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Land a Threat To Credit?
Recently Fitch Ratings warned that the rising land costs pose a threat to ag lenders “should prices reverse quickly.”
“In the event that the long-term trends of low interest rates and rising commodity prices reverse themselves relatively quickly (a scenario not considered unreasonable), we would expect a large correction in farmland values,” says Fitch, one of the Big Three credit rating agencies along with Moody’s Investor Service and Standard and Poors.
Fitch singled out Farm Credit System banks because they dominate ag lending and about half of their combined loan portfolio consists of farmland mortgage loans.
“Of the four system banks, AgriBank is the most exposed to a farmland price correction, as its footprint includes the Northern Plains and Corn Belt regions,” Fitch says.
Fitch gives System banks credit for lending far below the 85% of land values allowed by regulators. And this week, it reaffirmed the System’s long term debt rating at its highest AAA level.
The leadership at AgriBank, based in St. Paul, Minnesota, agrees that land prices have risen rapidly.
“We probably would take issue with the statement they made that a drop in land values would cause large credit loses for lenders with exposures,” says Brian O’Keane, the bank’s chief financial officer.
O’Keane and Jeff Swanhorst, chief credit officer, say the bank is not taking chances with its land loans.
“The lenders in the district, the Farm Credit Associations, have become and continue to be conservative in their lending on real estate,” Swanhorst says.
The bank’s district stretches from Ohio through the Dakotas and includes 60% of the nation’s cropland.
Its associations typically limit loans to not more than 65% of the appraised value of a farm.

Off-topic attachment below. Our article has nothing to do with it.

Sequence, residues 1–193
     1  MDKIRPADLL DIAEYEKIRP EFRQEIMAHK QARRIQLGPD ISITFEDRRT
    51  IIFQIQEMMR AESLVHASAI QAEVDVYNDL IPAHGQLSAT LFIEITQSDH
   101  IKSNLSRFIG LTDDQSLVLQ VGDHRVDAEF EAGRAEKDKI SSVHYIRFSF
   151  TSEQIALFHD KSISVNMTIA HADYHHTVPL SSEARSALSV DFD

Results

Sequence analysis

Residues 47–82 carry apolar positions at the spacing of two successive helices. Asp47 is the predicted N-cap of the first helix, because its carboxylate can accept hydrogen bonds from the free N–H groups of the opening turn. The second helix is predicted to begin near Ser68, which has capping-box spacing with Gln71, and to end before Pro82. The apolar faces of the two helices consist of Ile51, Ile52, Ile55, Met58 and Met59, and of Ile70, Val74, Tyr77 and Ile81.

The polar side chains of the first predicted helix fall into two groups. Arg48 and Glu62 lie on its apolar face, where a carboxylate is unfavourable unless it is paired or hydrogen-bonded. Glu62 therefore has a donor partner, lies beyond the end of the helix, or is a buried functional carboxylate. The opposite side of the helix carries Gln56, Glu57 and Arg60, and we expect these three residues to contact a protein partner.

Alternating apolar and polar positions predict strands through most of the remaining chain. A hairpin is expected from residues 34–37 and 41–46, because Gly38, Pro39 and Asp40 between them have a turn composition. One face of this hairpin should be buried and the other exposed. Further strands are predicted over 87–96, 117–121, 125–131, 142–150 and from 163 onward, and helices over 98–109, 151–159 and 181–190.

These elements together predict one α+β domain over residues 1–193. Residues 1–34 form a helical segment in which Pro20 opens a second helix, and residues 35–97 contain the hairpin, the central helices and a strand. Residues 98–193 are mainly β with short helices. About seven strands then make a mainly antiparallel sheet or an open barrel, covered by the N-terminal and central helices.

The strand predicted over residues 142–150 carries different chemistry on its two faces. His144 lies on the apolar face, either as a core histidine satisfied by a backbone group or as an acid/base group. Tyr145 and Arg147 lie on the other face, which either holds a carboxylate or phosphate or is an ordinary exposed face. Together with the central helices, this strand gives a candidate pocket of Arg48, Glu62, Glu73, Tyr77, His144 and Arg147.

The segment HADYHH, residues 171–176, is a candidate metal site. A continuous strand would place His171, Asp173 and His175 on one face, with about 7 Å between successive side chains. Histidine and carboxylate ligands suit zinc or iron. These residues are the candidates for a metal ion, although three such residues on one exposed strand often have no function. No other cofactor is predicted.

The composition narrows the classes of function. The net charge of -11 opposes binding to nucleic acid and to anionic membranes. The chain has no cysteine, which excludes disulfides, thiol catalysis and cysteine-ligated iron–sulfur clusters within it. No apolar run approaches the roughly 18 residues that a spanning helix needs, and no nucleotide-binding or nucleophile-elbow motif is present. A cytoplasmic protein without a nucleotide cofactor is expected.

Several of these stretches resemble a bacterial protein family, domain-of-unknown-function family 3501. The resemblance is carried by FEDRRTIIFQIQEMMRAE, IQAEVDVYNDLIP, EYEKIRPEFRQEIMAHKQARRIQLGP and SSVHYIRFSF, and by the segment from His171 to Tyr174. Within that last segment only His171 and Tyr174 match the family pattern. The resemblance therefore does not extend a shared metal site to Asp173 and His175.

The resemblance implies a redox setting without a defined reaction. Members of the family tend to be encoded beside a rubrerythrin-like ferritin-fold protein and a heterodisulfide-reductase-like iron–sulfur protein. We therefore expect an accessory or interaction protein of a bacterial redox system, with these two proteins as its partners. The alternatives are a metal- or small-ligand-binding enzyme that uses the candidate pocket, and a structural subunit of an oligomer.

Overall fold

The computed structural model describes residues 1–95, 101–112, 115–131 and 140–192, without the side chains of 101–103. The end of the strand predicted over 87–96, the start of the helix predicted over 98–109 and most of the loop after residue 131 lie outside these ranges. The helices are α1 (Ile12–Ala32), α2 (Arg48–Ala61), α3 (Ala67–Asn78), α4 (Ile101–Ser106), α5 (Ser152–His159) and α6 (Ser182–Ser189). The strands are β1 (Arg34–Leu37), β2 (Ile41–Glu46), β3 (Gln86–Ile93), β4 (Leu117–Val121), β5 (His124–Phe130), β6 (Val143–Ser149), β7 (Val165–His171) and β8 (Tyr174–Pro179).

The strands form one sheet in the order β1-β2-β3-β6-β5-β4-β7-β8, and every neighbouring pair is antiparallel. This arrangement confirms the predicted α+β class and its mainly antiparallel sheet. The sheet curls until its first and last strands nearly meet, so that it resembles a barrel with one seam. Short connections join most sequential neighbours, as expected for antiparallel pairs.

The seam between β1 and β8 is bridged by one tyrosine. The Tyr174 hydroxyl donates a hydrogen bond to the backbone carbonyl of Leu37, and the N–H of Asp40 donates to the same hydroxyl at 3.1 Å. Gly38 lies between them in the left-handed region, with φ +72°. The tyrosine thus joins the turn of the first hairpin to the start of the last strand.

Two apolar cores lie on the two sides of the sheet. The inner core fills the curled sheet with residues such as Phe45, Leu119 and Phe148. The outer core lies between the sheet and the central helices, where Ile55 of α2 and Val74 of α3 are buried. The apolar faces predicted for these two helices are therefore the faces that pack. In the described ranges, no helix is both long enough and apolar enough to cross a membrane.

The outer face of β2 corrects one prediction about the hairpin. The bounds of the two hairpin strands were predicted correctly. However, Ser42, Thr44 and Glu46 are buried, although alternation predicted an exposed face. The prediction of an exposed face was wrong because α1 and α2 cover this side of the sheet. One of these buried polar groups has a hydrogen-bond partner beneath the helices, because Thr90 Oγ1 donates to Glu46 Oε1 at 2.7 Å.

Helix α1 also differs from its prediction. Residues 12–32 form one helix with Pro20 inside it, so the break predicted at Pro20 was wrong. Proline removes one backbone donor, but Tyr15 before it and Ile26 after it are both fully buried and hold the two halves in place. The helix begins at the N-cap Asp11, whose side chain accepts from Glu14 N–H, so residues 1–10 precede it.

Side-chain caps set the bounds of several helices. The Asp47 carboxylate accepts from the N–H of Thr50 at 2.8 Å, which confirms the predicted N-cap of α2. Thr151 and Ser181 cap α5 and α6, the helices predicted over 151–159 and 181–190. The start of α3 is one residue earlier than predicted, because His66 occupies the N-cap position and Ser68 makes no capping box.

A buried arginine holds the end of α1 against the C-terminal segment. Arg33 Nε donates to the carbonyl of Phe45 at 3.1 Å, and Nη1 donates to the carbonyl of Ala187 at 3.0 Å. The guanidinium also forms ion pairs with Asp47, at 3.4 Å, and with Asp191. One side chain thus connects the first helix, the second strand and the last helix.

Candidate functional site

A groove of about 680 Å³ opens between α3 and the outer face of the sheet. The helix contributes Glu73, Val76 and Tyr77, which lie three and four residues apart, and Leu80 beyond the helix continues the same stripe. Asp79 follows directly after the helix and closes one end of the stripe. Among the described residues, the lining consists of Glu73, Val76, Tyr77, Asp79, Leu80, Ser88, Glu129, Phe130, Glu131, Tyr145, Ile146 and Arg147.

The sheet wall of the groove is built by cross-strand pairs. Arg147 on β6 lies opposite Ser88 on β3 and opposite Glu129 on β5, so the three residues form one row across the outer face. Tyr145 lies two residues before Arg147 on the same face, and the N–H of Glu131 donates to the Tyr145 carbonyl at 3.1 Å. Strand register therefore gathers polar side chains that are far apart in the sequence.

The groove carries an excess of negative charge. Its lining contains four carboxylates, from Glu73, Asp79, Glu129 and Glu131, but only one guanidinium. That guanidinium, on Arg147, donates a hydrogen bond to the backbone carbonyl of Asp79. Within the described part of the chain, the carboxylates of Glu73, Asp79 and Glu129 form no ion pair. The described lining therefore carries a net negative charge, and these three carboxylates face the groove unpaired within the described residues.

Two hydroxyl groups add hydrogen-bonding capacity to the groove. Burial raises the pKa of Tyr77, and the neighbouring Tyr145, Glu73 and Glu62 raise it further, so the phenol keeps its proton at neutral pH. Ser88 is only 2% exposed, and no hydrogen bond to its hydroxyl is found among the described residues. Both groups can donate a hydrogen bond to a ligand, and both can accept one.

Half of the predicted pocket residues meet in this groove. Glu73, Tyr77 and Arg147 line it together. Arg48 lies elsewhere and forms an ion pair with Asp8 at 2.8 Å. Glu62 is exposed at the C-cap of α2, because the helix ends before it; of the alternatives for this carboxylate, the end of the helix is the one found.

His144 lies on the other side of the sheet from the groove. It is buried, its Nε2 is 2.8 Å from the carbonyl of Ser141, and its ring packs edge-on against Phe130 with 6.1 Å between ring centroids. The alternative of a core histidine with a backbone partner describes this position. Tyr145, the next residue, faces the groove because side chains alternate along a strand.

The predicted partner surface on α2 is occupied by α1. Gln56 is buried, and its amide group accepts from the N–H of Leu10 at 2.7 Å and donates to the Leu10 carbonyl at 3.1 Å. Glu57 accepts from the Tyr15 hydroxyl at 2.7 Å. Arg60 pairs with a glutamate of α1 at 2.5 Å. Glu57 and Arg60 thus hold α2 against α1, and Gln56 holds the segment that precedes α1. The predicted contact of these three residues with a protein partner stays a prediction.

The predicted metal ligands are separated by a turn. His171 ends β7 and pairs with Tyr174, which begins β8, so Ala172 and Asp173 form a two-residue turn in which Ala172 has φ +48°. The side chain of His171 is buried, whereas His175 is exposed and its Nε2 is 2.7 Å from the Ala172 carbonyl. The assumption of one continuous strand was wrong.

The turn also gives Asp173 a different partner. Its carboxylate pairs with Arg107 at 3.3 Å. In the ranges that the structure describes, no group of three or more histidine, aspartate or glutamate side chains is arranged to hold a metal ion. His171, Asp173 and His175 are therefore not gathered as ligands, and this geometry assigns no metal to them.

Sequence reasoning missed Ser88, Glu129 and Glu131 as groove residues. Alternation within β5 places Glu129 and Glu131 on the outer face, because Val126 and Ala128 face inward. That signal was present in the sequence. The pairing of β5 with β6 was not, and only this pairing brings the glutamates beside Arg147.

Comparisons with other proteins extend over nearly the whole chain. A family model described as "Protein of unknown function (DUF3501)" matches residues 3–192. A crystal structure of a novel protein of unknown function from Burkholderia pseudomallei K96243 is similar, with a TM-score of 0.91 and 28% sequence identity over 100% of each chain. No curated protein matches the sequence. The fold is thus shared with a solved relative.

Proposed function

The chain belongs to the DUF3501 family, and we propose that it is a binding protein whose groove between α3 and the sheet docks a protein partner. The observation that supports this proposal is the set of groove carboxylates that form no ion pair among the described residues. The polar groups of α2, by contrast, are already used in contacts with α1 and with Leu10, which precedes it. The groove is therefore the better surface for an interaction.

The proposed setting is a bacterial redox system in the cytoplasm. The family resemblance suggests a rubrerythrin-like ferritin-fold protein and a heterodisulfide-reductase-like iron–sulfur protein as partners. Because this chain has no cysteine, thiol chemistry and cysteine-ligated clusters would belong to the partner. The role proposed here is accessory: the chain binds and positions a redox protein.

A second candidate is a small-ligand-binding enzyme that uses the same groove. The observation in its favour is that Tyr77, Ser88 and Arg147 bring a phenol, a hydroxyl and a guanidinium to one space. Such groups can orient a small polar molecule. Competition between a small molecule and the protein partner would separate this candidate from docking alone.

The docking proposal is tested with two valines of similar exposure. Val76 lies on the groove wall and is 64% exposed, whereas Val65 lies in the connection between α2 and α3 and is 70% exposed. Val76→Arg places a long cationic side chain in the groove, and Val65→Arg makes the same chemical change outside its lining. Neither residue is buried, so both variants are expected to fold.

In states like Iowa, Illinois and Indiana, where land values have reached $10,000 to $15,000 an acre, the associations have also set limits on loans that could be even lower.
In some areas, “they have set debt caps at $5,500 an acre,” Swanhorst says. “These folks have been around. They were around in the 1980s.”
An official with the Federal Farm Credit Banks Funding Corporation, which sells the bonds that are the System’s source of loan funds, agrees that the banks are cautious.
“The leverage we find ourselves in now is very different from the 1980s,” says John Marsh, Managing Director of the financial management division for the Funding Corporation. USDA forecasts its ratio of outstanding debt to farmers’ cash income at 47%, far below the peak of 110% in the 1980s.
Meanwhile, Fitch continues to monitor the System’s access to funds in the bond market. The System has been acquiring capital at a low cost.
“The system’s ratings are at the top of the scale, and there are very few financial institutions with higher ratings than the System Banks,” Fitch says.
On Thursday, CoBank, a cooperative bank serving agribusinesses, rural infrastructure providers and Farm Credit associations throughout the United States, announced that it is launching new initiatives to assist agricultural borrowers and others impacted by the 2012 drought.
CoBank's base of customers includes hundreds of grain and farm supply cooperatives in the central region of the country as well as a large number of customers in the protein and dairy sectors, where impacts from the drought have been the worst. In addition, the bank's affiliated Farm Credit associations serve over 70,000 individual farmers and ranchers in 23 states across the U.S., including many drought-impacted areas.
CoBank's drought relief initiatives will include expedited review and processing of any customer's loan request stemming from the drought, as well as working collaboratively with borrowers experiencing drought-related distress on a case by case basis. In addition, the bank will partner with its affiliated associations to provide support for local drought relief programs established to assist farmers, ranchers and other rural borrowers within their individual service territories.
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